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Fletcher Martin was born in Palisade, Colorado, and later grew up in Idaho and Washington State. He took an early interest in drawing, but had little exposure to fine art. After living the life of a drifter, he joined the Navy from 1922 to 1926, where he served as a signalman and fought as a light-heavyweight boxer. He re-discovered his interest in art while working for a printer in Los Angeles in the late 1920s, and after assisting the Mexican muralist David Alfaro Siqueiros, he made his reputation in Southern California art circles as a social realist painter in the 1930s. He painted murals for the Works Progress Administration and the Treasury Section from 1936 to 1945, and began to teach in 1938, replacing Thomas Hart Benton at the Kansas City Art Institute in 1941. He moved to New York City in 1945, and later settled in Woodstock.

In his early career, Martin drew inspiration from the vigor, grit, and masculinity of the Ashcan school, and particularly from the work of George Bellows, whose boxing subjects resonated with Martin’s experience as a boxer and his enthusiasm for the sport. The Museum of Modern Art’s acquisition of Martin’s dramatic fight scene Trouble in Frisco, 1938, reinforced this direction in his art, and he continued to paint boxing and fight subjects through the 1940s.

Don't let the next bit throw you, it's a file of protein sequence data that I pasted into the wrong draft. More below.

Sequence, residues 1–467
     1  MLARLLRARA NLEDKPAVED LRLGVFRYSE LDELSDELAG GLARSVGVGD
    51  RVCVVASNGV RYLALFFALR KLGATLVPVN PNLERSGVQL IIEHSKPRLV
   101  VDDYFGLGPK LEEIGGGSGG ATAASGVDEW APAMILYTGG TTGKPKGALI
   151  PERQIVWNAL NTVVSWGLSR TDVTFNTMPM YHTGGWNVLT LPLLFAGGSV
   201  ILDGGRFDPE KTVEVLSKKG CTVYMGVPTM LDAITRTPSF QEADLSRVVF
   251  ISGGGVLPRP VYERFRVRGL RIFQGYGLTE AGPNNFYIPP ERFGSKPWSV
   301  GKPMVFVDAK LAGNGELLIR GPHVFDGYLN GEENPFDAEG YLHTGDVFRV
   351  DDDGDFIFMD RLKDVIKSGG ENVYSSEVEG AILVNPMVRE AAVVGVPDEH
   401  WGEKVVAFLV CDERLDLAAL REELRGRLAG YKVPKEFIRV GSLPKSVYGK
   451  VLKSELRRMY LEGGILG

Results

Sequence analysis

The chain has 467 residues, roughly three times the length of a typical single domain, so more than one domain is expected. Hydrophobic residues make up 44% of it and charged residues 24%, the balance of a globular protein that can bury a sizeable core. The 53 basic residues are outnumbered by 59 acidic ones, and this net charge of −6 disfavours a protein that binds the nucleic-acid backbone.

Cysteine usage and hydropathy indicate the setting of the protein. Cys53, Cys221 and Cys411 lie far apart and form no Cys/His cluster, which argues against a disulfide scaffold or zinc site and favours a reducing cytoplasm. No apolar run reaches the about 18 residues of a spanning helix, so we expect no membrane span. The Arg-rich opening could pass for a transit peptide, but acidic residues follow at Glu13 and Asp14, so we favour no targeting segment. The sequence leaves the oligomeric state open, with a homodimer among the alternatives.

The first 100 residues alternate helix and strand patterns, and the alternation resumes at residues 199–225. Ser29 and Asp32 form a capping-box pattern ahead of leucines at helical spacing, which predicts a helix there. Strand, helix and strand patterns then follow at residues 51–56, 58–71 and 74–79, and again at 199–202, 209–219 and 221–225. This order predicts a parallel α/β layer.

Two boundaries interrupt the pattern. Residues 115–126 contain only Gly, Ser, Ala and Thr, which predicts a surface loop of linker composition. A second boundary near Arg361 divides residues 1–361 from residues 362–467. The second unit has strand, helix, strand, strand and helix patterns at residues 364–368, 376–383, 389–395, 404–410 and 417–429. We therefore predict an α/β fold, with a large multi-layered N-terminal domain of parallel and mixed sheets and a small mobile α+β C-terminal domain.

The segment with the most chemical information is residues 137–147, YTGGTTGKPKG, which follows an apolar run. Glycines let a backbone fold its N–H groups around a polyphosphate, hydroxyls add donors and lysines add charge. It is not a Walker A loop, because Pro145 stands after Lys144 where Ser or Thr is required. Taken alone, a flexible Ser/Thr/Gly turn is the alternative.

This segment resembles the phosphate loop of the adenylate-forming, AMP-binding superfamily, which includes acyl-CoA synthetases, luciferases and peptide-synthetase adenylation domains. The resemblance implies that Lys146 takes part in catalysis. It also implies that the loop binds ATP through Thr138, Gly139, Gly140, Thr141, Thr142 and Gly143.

Martin was a National Academician and exhibited his work widely, including at the Los Angeles County Museum of Art, Pennsylvania Academy of the Fine Arts, Whitney Museum of American Art, Art Institute of Chicago, Virginia Museum of Fine Arts, Carnegie Institute, Museum of Modern Art, and the Corcoran Gallery of Art. His works can be found in the collections of The Metropolitan Museum of Art, Museum of Modern Art, and Whitney Museum of American Art, New York; Allentown Art Museum, Pennsylvania; Smithsonian American Art Museum and National Air and Space Museum, Washington, D. C.; Georgia Museum of Art, Athens; Butler Institute of American Art, Youngstown, Ohio; Nelson-Atkins Museum of Art, Kansas City, Missouri; Los Angeles County Museum of Art, and the San Diego Museum of Art.

(This entry was written by Bruce Weber.)

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